from beechwoodcross.blogspot.com
from beechwoodcross.blogspot.com

Obviously, for these men, their well-paying jobs, and career security weren’t satisfying enough. We’re told that they were willing to leave it all behind and become “students” or “apprentices” of Jesus. (The word “disciple” means: student or apprentice.) These men were looking for something more in life. Apparently they found it in Jesus, because later on they were willing endure all kinds of suffering for the sake of what they discovered.

What about us? What about you?

  • Is what you’re doing in life right now satisfying to your soul?
  • Have you found what you need to live each day with serenity?
  • What would you be willing to “give up” and” let go of” in order to experience yourself more at peace with yourself?
  • Would the people you call “friends” support you in your decision? If not, do you need different “friends?”
  • Do you find something inside you, yearning and craving to make some changes in life?

Let’s pray this week for the strength to “leave behind the nets” that are preventing us from going where we need to go in life. How will we make 2015 different in a terrific way? Or, will it be more of same…same…same?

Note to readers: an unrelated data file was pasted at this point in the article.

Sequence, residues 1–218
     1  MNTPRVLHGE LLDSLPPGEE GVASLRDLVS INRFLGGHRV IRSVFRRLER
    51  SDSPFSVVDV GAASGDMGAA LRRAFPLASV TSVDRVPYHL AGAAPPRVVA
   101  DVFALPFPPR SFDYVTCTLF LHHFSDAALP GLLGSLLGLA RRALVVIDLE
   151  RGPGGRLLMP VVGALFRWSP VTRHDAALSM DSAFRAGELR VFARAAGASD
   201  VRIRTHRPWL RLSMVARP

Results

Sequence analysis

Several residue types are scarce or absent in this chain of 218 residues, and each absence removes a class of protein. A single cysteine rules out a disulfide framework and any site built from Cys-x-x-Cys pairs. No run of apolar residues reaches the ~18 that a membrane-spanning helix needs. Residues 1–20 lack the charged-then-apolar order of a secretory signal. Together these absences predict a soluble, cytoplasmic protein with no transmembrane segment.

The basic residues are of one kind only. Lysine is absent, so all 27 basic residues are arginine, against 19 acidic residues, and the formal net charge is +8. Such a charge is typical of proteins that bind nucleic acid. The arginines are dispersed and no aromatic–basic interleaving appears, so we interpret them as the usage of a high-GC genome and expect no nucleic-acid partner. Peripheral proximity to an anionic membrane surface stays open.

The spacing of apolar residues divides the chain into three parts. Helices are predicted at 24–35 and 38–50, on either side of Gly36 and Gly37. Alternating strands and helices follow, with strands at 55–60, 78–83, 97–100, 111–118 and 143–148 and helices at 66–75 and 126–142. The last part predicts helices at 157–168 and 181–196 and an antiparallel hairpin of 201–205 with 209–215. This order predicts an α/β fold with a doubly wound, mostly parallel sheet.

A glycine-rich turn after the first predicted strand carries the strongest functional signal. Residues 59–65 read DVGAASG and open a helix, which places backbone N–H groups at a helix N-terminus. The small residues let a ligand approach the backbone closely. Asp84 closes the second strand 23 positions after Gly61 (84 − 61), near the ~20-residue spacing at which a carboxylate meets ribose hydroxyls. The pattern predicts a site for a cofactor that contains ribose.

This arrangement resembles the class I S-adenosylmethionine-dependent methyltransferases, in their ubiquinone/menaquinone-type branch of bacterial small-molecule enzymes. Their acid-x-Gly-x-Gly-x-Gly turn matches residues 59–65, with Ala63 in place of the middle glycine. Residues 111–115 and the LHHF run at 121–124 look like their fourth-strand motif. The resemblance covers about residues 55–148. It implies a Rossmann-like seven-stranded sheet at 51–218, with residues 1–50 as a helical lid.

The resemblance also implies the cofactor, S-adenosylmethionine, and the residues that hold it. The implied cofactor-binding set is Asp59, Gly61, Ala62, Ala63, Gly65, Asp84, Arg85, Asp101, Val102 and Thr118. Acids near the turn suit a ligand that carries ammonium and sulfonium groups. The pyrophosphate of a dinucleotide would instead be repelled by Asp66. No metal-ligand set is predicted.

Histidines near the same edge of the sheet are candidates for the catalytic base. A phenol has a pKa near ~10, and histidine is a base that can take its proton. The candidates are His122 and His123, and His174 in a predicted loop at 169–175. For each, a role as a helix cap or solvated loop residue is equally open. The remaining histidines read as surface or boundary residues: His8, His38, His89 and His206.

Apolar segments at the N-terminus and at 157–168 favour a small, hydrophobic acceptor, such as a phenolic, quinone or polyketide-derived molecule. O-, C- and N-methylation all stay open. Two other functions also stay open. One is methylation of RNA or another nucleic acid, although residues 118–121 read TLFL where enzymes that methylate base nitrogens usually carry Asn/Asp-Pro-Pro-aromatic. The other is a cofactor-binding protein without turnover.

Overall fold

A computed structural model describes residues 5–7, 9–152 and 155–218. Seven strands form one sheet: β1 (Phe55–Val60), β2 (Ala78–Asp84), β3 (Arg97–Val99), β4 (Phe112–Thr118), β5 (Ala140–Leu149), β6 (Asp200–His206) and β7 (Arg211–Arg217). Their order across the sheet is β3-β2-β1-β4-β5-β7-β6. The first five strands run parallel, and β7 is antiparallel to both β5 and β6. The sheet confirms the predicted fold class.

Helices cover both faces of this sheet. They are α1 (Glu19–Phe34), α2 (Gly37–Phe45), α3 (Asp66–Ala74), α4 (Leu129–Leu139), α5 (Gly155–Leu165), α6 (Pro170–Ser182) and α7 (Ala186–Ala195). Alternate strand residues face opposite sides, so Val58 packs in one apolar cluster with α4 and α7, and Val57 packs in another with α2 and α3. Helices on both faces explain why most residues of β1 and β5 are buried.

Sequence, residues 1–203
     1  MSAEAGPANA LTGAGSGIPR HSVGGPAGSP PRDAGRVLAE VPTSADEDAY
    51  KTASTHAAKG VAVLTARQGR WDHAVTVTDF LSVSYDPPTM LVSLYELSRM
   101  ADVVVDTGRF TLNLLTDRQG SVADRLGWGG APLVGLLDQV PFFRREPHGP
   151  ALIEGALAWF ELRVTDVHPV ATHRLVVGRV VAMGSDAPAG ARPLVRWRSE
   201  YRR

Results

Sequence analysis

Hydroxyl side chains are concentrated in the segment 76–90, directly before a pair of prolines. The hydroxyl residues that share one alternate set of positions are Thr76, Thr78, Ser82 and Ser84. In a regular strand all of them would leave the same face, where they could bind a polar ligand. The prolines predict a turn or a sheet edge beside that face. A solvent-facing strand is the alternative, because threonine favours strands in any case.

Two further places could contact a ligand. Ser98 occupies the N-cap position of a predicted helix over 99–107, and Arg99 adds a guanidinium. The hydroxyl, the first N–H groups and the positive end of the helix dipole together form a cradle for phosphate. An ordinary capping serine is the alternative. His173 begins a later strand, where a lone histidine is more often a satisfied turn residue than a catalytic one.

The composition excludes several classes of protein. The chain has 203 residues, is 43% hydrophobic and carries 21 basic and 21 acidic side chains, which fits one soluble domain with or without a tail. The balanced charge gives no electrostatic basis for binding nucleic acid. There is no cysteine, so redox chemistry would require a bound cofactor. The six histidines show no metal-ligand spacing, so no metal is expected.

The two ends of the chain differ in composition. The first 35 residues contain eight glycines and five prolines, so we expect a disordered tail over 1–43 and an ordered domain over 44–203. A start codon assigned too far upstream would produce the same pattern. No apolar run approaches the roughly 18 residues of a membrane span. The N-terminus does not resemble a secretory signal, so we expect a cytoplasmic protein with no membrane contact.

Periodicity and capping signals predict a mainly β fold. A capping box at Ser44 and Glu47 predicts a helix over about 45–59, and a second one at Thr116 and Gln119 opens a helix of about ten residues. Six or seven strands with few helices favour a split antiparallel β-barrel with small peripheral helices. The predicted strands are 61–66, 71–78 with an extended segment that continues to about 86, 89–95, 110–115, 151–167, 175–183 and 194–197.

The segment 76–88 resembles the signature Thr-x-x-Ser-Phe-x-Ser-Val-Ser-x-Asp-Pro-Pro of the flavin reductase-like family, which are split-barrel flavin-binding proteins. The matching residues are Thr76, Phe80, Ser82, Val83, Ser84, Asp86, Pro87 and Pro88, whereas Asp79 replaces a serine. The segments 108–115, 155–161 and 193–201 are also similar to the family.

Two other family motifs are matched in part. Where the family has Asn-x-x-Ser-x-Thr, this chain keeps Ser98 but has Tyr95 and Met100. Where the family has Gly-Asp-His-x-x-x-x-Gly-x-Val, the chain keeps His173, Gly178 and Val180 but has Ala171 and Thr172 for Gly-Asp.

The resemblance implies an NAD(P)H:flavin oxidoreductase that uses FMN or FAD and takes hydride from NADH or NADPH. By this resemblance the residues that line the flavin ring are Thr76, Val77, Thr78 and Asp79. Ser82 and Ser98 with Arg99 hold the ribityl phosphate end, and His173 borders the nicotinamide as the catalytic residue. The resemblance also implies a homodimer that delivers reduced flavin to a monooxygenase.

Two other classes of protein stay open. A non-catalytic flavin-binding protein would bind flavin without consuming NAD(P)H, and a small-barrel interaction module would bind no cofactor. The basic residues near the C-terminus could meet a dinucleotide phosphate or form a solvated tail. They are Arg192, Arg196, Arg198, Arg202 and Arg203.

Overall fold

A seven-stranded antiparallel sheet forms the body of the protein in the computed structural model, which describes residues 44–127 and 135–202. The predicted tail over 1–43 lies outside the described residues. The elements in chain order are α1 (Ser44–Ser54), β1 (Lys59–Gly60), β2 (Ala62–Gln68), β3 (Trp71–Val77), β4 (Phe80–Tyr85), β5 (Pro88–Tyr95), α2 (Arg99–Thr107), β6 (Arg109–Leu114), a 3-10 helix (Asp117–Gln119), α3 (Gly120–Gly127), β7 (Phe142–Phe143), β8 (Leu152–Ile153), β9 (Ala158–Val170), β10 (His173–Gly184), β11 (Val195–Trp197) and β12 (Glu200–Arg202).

Copyright 2015 Steven M. LaBaire

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Prayer for persecuted Christians

My thanks to Father Steven Labaire from Holy Family Parish in Worcester, MA  for passing along this prayer for our brothers and sisters around the world facing persecution. Please join us in praying for them daily.

mary and jesus facesFather in Heaven, you make your sun shine on the good and bad alike. Your Son Jesus Christ died for us all and in his glorious resurrection he still retains the five wounds of his Passion. With his divine power he now sustains all those facing persecution and martydom for the sake of their fidelity to the faith of the Church. Merciful and mighty Father, do not allow Cain to return again to murder helpless Abel, innocent Abel. May persecuted Christians around the world remain, like Mary, their Mother, together at the foot of Christ the Martyr. Comfort those menaced by violence and those oppressed by uncertainty. May your Holy Spirit of love make fruitful the witness and blood of those who die forgiving.